“I didn’t really identify with Ms. Spears’s music growing up, but I did identify with this newfound rage,” Tamblyn writes in a new op-ed
Amber Tamblyn is firmly “Team Britney.” Following the pop star’s damning testimony in which she detailed the abuse she’s experienced under her father’s court-appointed conservatorship, Tamblyn revealed that she sees a lot of herself in Britney Spears and labels her challenging of the legal arrangement as a “profoundly radical act.”
In a New York Times op-ed entitled, “Britney Spears’s Raw Anger, and Mine,” the actress drew parallels between hers and Spears’ experiences as young women navigating the entertainment industry, including the pressure to fulfill the role of breadwinner.
“I didn’t really identify with Ms. Spears’s music growing up, but I did identify with this newfound rage,” Tamblyn wrote.
Tamblyn got her start on the soap opera “General Hospital” as a tween before headlining her own series (“Joan of Arcadia”) and going on to star in such films as “The Sisterhood of the Traveling Pants” and “The Ring.” Although she is the daughter of actor Russ Tamblyn, star of “West Side Story” and other musicals from the 1950s, she admitted that money was often tight in her household growing up, an issue that her early success simultaneously helped and complicated.
“Having seen some of the complications and consequences that come with finding fame and financial success at a young age, I can attest to how challenging this combination of factors can be to navigate, even for those with the best of intentions,” Tamblyn said, “I also know how much potential they have to turn toxic, and how vulnerable they can make a young woman.”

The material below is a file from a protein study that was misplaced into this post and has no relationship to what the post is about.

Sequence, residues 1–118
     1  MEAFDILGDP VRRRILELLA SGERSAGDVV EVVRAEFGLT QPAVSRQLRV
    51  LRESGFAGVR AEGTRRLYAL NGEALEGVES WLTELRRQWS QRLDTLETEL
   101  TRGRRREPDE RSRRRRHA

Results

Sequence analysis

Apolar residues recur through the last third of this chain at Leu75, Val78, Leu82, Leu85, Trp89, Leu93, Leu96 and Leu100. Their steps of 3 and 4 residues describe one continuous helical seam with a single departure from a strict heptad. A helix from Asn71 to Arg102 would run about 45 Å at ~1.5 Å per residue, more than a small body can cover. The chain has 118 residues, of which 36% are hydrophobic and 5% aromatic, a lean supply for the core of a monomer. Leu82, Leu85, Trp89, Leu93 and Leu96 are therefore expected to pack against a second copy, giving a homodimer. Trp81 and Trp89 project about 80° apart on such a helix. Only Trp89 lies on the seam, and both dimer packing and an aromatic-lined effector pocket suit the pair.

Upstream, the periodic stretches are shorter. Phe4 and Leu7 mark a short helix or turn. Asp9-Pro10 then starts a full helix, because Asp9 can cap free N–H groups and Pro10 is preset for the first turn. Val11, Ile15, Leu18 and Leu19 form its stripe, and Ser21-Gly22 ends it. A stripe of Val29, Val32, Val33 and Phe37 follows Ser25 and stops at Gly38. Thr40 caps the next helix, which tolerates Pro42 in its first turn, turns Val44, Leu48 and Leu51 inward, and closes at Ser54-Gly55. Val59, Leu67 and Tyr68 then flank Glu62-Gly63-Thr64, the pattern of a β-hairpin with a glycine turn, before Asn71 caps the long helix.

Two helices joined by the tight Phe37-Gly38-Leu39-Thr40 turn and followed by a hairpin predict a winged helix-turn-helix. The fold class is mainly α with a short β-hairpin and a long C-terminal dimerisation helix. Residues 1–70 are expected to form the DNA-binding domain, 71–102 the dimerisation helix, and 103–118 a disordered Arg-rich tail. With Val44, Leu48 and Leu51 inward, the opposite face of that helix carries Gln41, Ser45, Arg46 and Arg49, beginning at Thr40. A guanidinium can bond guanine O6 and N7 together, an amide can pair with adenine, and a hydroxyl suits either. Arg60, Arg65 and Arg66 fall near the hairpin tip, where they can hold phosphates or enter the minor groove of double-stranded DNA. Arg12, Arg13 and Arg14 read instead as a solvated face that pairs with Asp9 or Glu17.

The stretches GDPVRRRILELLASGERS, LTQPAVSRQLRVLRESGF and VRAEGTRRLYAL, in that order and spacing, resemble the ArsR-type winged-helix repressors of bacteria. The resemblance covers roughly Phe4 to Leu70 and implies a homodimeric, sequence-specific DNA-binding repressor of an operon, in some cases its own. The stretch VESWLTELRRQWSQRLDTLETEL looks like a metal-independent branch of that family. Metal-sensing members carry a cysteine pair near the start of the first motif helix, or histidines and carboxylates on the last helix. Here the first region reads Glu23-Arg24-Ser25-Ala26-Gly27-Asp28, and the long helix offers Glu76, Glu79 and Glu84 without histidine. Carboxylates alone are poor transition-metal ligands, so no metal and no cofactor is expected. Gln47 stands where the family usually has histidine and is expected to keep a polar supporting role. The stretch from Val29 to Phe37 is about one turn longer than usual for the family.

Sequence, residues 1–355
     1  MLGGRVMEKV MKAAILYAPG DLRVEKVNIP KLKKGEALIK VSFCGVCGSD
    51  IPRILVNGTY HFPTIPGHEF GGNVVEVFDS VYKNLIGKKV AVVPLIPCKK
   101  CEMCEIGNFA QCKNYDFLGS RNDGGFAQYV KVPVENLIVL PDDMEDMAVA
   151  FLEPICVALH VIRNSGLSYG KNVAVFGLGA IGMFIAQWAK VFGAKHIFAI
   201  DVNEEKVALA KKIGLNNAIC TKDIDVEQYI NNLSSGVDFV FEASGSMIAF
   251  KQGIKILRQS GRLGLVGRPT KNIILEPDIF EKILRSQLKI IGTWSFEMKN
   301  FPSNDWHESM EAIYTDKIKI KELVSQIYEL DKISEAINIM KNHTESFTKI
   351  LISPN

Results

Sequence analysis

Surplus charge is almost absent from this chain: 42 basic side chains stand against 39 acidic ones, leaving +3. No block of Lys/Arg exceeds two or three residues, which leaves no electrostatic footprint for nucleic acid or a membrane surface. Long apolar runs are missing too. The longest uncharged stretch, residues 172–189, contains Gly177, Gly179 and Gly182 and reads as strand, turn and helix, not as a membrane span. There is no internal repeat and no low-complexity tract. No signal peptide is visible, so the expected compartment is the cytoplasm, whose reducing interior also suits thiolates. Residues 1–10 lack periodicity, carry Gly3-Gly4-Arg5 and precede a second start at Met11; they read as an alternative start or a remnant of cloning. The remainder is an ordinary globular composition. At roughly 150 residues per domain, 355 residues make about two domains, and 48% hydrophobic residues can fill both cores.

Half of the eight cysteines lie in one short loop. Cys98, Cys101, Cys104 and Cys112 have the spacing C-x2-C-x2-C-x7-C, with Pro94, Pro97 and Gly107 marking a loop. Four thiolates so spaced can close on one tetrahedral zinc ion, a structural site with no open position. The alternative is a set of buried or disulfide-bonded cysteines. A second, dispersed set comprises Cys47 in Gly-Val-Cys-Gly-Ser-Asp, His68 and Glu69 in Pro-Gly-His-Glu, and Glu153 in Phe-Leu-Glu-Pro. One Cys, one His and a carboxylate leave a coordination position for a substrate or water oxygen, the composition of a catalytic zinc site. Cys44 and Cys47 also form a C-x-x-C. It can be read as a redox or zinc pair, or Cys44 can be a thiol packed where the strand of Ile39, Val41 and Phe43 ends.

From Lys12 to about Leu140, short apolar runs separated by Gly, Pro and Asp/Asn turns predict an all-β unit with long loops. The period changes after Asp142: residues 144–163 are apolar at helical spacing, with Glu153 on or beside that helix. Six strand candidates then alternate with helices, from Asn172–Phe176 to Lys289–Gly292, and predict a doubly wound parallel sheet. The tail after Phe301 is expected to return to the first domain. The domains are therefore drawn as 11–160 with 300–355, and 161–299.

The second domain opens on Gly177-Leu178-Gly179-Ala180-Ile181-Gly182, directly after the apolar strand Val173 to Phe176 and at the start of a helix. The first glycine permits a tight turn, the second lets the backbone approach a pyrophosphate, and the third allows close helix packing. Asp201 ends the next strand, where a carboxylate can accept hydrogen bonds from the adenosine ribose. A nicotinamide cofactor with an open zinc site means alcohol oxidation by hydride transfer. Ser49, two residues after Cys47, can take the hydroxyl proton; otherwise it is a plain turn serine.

Under the conservatorship, Spears’ father Jamie has had control over her career, finances, health and even daily whereabouts for the past 13 years. Tamblyn qualified her statements with the fact that, unlike Spears, her parents were “supportive and ethical in every way.” However, the blurred boundaries proved problematic nonetheless.
“I was everyone’s A.T.M.: a bank that was, nonetheless, unconditionally loved,” she added. “Still, as I got older, it got harder to trust the source of that love.”
Tamblyn also connected with Spears’ lack of control over her body.
“One of Ms. Spears’s most disturbing claims this week was that she was forced to get an IUD to prevent her from having more children; it was not just her money they wanted to control, but also her body, because in entertainment, for young women, the two are almost invariably intertwined,” Tamblyn wrote.
“I’ve experienced my own version of this dynamic,” she continued, “Growing up, my weight was openly discussed by everyone, from family members to Hollywood creatives. I’d grin and bear it, because staying silent — and thin — meant I would get hired again; getting hired again meant people would be proud of me and that I would have the money that was needed to keep the ship afloat.”
Tamblyn acknowledged that even though she’s experienced “just a small taste” of what Spears has gone through, she applauds her strength and courage for speaking up.
“By speaking up, she has reminded us that our autonomy, both bodily and fiscal, is worth fighting for,” Tamblyn said. “We can’t unknow her truth now — as told in her own voice, not a voice that’s been written for her, curated for her, or projected onto her. Now, it’s really up to us to listen.”
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